We always think we’d be the hero or the good guy. But would we really?
Just as polio stalked the 1950s, and AIDS overshadowed the 1980s and ‘90s, post-traumatic stress disorder haunts us in the early years of the twenty-first century.
Our culture pressures men who think they are “supposed” to be a certain way in order to be a “real man.” And some of the best actors of our times play those roles brilliantly.
I choose to fight intolerance with love poetry.
I realized that while he left the military years ago, the military can not—and will not—leave him.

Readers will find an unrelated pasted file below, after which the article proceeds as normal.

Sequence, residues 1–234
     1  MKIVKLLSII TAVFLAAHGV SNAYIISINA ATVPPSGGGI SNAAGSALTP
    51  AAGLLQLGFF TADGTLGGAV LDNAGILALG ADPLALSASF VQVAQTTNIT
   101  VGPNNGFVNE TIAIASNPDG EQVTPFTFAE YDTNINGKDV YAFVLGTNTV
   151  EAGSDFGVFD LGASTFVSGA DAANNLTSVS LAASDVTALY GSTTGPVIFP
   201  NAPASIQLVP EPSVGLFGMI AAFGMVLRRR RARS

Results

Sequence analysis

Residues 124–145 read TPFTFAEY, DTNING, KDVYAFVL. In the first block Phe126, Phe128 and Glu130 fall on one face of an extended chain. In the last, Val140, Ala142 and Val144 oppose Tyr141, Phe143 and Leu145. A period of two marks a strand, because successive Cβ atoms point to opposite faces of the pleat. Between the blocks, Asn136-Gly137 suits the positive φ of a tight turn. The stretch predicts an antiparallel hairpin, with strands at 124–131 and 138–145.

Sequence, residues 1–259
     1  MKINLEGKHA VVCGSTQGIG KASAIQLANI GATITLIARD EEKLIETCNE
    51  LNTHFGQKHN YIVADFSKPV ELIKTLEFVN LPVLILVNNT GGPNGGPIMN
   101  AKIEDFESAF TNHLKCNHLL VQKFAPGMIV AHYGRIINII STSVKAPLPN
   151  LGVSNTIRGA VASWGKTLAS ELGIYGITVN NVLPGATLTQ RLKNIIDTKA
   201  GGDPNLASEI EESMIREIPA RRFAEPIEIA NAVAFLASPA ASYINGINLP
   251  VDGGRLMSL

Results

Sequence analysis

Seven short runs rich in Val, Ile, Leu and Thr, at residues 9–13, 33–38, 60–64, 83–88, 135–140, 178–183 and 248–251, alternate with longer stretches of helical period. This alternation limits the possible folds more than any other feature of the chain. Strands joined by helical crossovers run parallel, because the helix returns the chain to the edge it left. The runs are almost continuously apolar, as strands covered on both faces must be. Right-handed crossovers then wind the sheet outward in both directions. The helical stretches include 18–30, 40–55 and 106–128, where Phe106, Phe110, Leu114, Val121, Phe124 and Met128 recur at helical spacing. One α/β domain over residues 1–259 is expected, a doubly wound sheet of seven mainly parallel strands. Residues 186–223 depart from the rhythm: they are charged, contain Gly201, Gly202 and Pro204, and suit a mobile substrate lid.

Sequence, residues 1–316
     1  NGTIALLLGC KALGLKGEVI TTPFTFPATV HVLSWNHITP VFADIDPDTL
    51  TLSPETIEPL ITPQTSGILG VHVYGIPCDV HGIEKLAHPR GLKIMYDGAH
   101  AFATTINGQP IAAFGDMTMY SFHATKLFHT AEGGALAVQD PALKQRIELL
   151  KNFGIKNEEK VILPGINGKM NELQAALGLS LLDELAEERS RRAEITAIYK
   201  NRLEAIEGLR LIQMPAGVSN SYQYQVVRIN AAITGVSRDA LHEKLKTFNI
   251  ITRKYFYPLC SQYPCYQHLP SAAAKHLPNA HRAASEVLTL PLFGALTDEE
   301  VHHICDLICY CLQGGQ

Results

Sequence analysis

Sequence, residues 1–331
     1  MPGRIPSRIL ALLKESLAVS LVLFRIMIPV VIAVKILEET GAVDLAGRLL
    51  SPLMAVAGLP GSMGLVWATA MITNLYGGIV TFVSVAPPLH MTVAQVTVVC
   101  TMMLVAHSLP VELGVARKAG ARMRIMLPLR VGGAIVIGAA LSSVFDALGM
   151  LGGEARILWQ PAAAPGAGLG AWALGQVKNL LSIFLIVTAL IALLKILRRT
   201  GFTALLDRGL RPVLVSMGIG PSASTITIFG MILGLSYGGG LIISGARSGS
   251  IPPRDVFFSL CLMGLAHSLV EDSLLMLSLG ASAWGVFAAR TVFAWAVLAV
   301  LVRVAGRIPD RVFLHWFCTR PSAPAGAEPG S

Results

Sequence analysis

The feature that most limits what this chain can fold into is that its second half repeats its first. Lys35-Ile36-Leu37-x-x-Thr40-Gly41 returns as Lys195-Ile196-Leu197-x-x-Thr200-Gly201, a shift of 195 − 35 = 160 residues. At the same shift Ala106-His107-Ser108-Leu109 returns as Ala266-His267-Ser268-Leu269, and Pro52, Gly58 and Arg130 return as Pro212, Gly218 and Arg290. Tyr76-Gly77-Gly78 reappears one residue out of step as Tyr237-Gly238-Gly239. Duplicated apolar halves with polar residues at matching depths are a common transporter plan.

Sometimes, when you least expect it, your life can completely change.
“The last thing Salim Khan saw in his brief life was a millisecond of a blinding flash of light and a loud bang as he detonated the four pounds of plastique in his backpack.” Fiction by Steve Jaeger.
We buried him in his blue jeans. A folded American flag and a leather cowboy hat rested on his chest. On his feet were snakeskin boots.
Breaking stereotypes in an era of terror.
Guillermo Filice Castro recalls his time serving in the Argentine army during the British invasion of the Falkland Islands in this poem of comradeship and connection between men.
A soldier’s brush with tragedy both abroad and at home.
How can we make sense of the attacks?